Since Amie Havner started working as the Yellowstone Youth Crisis Network coordinator last year, she’s responded to almost 400 emails and phone calls.
She's had face-to-face meetings with about 80 families, many of which result in follow-up meetings.
She knows there’s always more work to do.
Havner’s position was created last year to connect kids struggling with mental health issues to resources that can help them before they end up in the emergency room. Montana has one of the highest suicide rates in the country, and providing mental health support for children has been the focus of several recent initiatives.
“The majority of the kids that I’ve worked with have remained in the community, with a variety of community supports,” she said. A small number have ended up in residential treatment or acute care facilities.
Havner gets calls asking for help on anything from a family looking for a medical specialist to students on the verge of suicide. Often, families don't know where to turn, she said.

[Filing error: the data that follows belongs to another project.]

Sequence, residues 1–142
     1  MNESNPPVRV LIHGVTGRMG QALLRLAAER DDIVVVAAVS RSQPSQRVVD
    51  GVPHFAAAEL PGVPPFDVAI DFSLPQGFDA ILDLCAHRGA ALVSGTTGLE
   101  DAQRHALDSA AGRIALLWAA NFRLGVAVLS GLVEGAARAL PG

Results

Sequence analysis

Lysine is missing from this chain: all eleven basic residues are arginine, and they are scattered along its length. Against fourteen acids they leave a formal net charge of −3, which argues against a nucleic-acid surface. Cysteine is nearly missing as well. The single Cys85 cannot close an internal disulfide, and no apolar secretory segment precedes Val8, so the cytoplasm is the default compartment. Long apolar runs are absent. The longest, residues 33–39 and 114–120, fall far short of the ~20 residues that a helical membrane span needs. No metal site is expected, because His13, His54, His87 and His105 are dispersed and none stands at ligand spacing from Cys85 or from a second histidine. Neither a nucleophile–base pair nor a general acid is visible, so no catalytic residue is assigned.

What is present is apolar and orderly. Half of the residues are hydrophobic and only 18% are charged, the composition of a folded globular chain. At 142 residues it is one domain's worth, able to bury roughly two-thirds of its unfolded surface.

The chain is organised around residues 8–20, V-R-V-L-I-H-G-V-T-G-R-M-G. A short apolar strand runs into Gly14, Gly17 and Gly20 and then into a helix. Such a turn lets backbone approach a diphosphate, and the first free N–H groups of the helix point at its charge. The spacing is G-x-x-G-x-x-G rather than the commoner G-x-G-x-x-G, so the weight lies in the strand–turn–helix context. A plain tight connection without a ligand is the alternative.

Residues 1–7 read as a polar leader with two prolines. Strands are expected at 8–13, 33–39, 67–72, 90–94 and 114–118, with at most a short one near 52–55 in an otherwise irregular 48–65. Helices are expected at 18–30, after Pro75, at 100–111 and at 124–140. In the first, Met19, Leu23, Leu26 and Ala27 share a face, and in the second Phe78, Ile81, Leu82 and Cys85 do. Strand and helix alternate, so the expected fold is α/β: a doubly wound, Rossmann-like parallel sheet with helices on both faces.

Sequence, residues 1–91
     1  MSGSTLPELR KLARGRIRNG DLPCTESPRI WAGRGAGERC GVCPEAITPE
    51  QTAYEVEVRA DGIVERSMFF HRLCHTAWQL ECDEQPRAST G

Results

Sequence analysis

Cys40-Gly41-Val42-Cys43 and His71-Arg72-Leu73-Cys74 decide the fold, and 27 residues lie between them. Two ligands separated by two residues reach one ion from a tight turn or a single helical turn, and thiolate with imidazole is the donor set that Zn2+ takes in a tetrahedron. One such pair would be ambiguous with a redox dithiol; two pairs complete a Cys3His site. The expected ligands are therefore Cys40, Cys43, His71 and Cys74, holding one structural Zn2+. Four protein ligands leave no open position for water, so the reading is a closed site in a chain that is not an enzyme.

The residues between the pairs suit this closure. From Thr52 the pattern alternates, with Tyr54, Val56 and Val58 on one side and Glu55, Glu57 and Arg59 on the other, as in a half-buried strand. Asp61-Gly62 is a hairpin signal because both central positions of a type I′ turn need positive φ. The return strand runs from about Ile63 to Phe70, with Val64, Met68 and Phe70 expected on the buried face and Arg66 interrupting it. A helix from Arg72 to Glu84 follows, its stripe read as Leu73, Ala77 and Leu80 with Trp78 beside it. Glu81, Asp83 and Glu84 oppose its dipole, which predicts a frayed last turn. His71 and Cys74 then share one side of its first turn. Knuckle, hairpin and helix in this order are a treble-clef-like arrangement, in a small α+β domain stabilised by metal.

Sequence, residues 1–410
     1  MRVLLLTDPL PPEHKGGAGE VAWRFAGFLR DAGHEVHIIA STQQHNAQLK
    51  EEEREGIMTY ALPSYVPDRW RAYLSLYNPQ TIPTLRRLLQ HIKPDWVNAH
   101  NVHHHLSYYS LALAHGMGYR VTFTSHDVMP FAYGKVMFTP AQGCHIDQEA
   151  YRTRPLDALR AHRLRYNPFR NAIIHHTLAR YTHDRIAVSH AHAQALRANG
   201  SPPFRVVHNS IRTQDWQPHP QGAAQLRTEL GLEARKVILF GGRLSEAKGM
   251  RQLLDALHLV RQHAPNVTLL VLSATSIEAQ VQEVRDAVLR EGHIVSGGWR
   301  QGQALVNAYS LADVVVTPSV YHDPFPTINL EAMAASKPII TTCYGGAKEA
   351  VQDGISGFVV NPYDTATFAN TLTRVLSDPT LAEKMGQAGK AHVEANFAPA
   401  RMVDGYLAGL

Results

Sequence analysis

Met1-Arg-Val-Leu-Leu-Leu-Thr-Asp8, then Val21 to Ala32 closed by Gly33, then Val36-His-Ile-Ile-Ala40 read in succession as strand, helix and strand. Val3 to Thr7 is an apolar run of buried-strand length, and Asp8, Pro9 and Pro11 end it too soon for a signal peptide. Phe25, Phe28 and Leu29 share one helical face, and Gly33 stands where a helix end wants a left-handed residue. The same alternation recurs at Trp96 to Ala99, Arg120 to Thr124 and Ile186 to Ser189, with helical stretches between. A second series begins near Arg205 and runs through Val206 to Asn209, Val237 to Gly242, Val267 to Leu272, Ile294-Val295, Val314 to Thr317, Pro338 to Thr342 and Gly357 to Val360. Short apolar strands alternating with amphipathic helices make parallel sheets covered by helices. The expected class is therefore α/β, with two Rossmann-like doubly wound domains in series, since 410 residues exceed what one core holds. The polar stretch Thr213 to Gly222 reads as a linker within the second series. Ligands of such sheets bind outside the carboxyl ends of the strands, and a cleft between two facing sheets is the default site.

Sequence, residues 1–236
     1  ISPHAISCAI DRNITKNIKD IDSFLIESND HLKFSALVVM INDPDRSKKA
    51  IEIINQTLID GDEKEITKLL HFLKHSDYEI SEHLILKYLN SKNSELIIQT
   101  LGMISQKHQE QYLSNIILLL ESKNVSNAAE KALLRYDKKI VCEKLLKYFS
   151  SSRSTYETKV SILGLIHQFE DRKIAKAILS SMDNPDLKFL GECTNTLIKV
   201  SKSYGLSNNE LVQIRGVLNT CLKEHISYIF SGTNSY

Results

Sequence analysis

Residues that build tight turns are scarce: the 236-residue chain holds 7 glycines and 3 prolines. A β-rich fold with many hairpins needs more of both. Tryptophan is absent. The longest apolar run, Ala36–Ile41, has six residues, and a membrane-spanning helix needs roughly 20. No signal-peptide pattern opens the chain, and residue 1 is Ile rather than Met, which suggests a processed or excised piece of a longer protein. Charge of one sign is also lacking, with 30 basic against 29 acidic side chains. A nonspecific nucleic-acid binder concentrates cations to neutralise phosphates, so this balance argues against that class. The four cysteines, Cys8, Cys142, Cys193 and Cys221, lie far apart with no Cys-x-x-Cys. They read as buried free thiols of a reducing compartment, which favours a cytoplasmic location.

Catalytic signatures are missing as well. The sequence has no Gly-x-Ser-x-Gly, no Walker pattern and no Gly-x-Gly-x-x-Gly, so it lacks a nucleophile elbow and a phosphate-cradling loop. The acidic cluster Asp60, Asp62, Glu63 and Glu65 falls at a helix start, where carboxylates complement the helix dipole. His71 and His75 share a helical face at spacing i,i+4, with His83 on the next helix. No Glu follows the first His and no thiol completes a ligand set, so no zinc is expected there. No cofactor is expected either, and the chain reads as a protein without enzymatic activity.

She’s a bridge between schools, services and families. Most of the referrals have come from schools, some from Billings Clinic and some from families. A significant proportion are young students.
Most children Havner works with are between the ages of 12 and 14 — 37 percent of them; ages 15 and up account for 28 percent; ages 9 to 11 account for 22 percent; ages 6 to 8 account for 11 percent; and ages 4 and younger account for 3 percent.
They come from across Yellowstone County, from urban Billings to Acton.
Most of the students are referred to some sort of outpatient therapy. Many have experienced some sort of trauma in their past, and several families have multiple children who are referred to therapy.
“There is an increase in awareness,” she said.
The crisis network is working to solidify its footprint across the country; they recently held an educational conference in Laurel.
The grant that funds Havner’s position runs out in June. She said the crisis network is exploring future funding options, and she wants to keep the position independently funded. She’s not tied to School District 2 or a health care provider.
“I work with the schools, but I’m not ‘the school,’” she said.
The Yellowstone Youth Crisis Network hotline phone number is 200-0559.